Monarch of the glen

Housing New Zealand's Talbot Park project in Glen Innes not only addresses the residential needs of its people, but provides the catalyst for the regeneration of an entire area
An exterior view of this new residential complex apartment, architecture, building, condominium, elevation, facade, home, house, neighbourhood, property, real estate, residential area, siding, suburb, window, white, black
An exterior view of this new residential complex

The same urban design principles that are making the CBD a more enjoyable place to live are being applied to Auckland's suburbs, in some unlikely locations. Sustainability, proximity to public transport links and intelligent use of space combine to make Housing New Zealand's Talbot Park a model of social housing.

The mix of low and medium-rise buildings feature environmentally sustainable designs including solar and self-heating technologies and bear little aesthetic correlation to the stereotype of low socio-economic housing. Public transport links have also often traditionally been overlooked in the creation of state housing developments, however this urban design box is also ticked at Talbot Park.

"Better design brings better performance. This attention to detail creates a sense of community and civic pride and is also, therefore, political viagra," says Ludo Campbell-Reid.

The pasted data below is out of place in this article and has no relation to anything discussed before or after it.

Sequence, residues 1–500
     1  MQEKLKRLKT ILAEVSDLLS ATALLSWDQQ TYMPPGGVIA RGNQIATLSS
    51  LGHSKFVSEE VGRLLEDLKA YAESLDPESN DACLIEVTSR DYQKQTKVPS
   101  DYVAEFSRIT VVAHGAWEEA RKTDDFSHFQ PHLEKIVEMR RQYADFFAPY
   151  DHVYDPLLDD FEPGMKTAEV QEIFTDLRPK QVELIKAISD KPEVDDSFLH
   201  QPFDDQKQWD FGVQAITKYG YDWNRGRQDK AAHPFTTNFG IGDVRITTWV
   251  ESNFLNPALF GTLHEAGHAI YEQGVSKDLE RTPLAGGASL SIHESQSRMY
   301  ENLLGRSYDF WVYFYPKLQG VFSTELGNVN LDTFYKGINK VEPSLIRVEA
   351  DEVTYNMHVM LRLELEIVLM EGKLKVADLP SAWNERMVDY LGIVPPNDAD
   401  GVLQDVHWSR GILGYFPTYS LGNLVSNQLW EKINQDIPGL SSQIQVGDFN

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A view of this block of retail premises

"The development provides a further example of the council working with a landowner to unlock the potential of the land," he says.

"Key to the project was the division of public and private land, and the positioning of the buildings to overlook a reserve that had previously been concealed behind the housing development."

This is a viewpoint endorsed by Penny Pirrit, Auckland City's Group Manager for City Planning.

An exterior view of this new residential complex apartment, architecture, building, condominium, elevation, facade, home, house, neighbourhood, property, real estate, residential area, siding, suburb, window, white, black
An exterior view of this new residential complex

"In creating a high-density housing solution oriented towards open land, Housing New Zealand's approach to Talbot Park satisfies a range of urban design criteria. It is also indicative of the council's desire to work with agencies to find creative, functional housing solutions."

The benefits of constructive urban design stretch further than the outer borders of this one development. Property Council of New Zealand Chief Executive Connal Townsend points to the arrival of Nosh, "the best deli in Auckland," that now attracts residents from wealthier neighbouring suburbs into Glen Innes as an example of how an area can be softened by urban design. Nevertheless this style of development should just represent the first step in lifting areas such as Glen Innes and Panmure, he suggests.

"This will eventually be achieved through a spider's web of transport nodes, where mini-cities will be created in the outer suburbs, based on the same principles as the CBD." This, it seems, is just the beginning of the story of Auckland's urban design.

Apr 06, 2007
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